Should I go to all my children's games?

This is a fascinating question because times are so different now. Our parents came to the games when they could. If they had a commitment, it wasn't a big deal to miss the game. Now, many parents feel they are not good parents if they miss any of their children's games. So what do our kids want?

In our research on this very question, we learned that almost 100% of youth soccer-playing-kids ages, 7-14, wanted their parents to attend their games. Our kids want us to watch them play, to witness the wins and losses, the accomplishments and the disappointments. That said, it is also OK for us as adults to have our own lives, to miss a few games here or there. In fact, having a life outside of our children's sport experiences is healthy.

One potential problem with attending every game is that our lives as adults become organized around our children's athletic career and schedule. While going to games with other adults can be a fun and socially rewarding experience while watching our kids play, it can also place a fair amount of importance and weight on our children to play for us and not for themselves. Ideally, we want to avoid the situation where the event of the game becomes more important than just watching our kids play. And, there may be situations when our children would prefer that we don't come to their games.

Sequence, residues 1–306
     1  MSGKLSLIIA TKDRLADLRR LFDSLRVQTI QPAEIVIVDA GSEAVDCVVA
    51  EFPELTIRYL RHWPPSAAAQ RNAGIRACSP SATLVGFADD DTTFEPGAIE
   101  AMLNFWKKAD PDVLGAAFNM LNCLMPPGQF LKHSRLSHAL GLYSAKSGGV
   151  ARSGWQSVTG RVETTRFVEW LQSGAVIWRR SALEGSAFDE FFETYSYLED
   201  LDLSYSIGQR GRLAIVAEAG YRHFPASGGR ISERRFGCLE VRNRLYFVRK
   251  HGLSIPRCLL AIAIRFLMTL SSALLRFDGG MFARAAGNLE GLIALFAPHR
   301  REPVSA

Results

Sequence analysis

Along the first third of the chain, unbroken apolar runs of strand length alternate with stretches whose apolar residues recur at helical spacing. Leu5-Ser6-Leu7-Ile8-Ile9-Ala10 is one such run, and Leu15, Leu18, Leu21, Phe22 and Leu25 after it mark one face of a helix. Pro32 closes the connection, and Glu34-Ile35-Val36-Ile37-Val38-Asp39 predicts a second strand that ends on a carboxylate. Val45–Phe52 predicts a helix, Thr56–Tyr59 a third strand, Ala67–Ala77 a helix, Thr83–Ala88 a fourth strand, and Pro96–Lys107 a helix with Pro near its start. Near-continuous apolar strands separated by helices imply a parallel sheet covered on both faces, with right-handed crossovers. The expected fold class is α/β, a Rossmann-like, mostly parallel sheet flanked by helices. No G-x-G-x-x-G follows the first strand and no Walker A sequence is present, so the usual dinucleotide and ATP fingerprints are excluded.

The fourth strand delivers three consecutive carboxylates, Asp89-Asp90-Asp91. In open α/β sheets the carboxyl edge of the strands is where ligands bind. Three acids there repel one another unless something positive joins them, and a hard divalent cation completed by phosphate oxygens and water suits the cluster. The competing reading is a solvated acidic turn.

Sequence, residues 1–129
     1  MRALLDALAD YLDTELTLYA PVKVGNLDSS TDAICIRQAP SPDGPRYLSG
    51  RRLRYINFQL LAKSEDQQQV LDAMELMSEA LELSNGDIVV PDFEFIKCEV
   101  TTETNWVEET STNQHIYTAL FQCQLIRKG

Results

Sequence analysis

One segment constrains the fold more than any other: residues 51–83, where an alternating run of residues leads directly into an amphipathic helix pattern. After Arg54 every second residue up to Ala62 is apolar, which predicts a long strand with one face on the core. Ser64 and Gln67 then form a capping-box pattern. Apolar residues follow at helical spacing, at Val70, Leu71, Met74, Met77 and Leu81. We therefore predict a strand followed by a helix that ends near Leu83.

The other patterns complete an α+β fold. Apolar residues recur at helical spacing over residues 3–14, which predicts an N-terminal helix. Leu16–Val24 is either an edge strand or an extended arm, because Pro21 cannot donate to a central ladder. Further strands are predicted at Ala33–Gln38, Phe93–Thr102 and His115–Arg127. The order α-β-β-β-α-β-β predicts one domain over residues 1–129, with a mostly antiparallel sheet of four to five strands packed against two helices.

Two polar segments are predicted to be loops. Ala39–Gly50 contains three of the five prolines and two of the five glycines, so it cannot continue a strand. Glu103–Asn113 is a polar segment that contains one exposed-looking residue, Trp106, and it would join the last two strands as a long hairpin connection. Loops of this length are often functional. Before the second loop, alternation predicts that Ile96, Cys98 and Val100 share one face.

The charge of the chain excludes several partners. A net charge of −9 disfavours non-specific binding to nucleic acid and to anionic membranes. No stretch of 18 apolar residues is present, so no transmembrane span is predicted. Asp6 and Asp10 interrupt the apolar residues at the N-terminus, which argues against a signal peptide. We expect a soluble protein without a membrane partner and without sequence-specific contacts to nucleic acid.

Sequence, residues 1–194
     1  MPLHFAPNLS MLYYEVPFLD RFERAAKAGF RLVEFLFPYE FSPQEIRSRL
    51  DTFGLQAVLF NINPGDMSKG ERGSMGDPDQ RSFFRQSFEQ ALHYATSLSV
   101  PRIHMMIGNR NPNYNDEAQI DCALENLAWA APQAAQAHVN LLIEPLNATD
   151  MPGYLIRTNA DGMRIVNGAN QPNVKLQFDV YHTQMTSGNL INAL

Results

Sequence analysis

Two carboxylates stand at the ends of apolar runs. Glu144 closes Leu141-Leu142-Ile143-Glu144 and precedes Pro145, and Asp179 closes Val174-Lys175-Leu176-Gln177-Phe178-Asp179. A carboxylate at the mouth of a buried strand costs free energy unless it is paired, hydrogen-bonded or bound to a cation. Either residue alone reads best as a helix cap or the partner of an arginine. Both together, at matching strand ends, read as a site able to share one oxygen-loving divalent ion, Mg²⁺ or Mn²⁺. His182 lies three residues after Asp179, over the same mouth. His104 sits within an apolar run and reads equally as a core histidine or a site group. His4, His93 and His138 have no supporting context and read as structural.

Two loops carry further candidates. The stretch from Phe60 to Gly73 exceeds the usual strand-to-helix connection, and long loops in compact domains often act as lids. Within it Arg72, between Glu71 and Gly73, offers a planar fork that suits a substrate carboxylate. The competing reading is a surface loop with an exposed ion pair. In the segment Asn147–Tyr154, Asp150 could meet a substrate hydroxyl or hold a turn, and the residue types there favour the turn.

As children get older and the competitive environment intensifies, some athletes may feel nervous playing in front of their parents for a variety of reasons. In extreme and mostly rare cases, children may find that we can be a distraction, either through how we cheer or, at times, yell during games. More often than not, our children are tuned into how we behave during games, so the most common preference from our more competitive and older children is, "Come to my games, but be a good fan; avoid being a distraction."

In the end, it is important for us as parents to understand what our kids want, how they feel about us attending their games, and how they prefer us to behave while watching. We can get these answers by asking our children directly. Is it OK with you if I miss a game? How would you like me to be when coming to your games? Their answers can be quite helpful and illuminating.




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